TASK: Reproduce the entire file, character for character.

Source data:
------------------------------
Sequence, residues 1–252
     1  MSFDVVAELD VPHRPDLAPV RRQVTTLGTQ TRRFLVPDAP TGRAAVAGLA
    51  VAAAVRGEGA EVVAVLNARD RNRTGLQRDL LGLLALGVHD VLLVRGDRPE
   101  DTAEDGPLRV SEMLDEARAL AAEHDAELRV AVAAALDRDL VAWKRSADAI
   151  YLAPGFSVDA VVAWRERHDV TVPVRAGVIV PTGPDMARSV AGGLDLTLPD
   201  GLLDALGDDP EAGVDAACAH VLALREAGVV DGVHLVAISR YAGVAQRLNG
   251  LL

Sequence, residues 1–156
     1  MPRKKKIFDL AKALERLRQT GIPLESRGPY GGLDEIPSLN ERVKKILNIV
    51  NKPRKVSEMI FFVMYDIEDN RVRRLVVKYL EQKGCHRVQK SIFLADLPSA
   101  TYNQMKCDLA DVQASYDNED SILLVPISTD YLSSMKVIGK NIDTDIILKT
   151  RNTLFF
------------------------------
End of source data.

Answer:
Sequence, residues 1–252
     1  MSFDVVAELD VPHRPDLAPV RRQVTTLGTQ TRRFLVPDAP TGRAAVAGLA
    51  VAAAVRGEGA EVVAVLNARD RNRTGLQRDL LGLLALGVHD VLLVRGDRPE
   101  DTAEDGPLRV SEMLDEARAL AAEHDAELRV AVAAALDRDL VAWKRSADAI
   151  YLAPGFSVDA VVAWRERHDV TVPVRAGVIV PTGPDMARSV AGGLDLTLPD
   201  GLLDALGDDP EAGVDAACAH VLALREAGVV DGVHLVAISR YAGVAQRLNG
   251  LL

Sequence, residues 1–156
     1  MPRKKKIFDL AKALERLRQT GIPLESRGPY GGLDEIPSLN ERVKKILNIV
    51  NKPRKVSEMI FFVMYDIEDN RVRRLVVKYL EQKGCHRVQK SIFLADLPSA
   101  TYNQMKCDLA DVQASYDNED SILLVPISTD YLSSMKVIGK NIDTDIILKT
   151  RNTLFF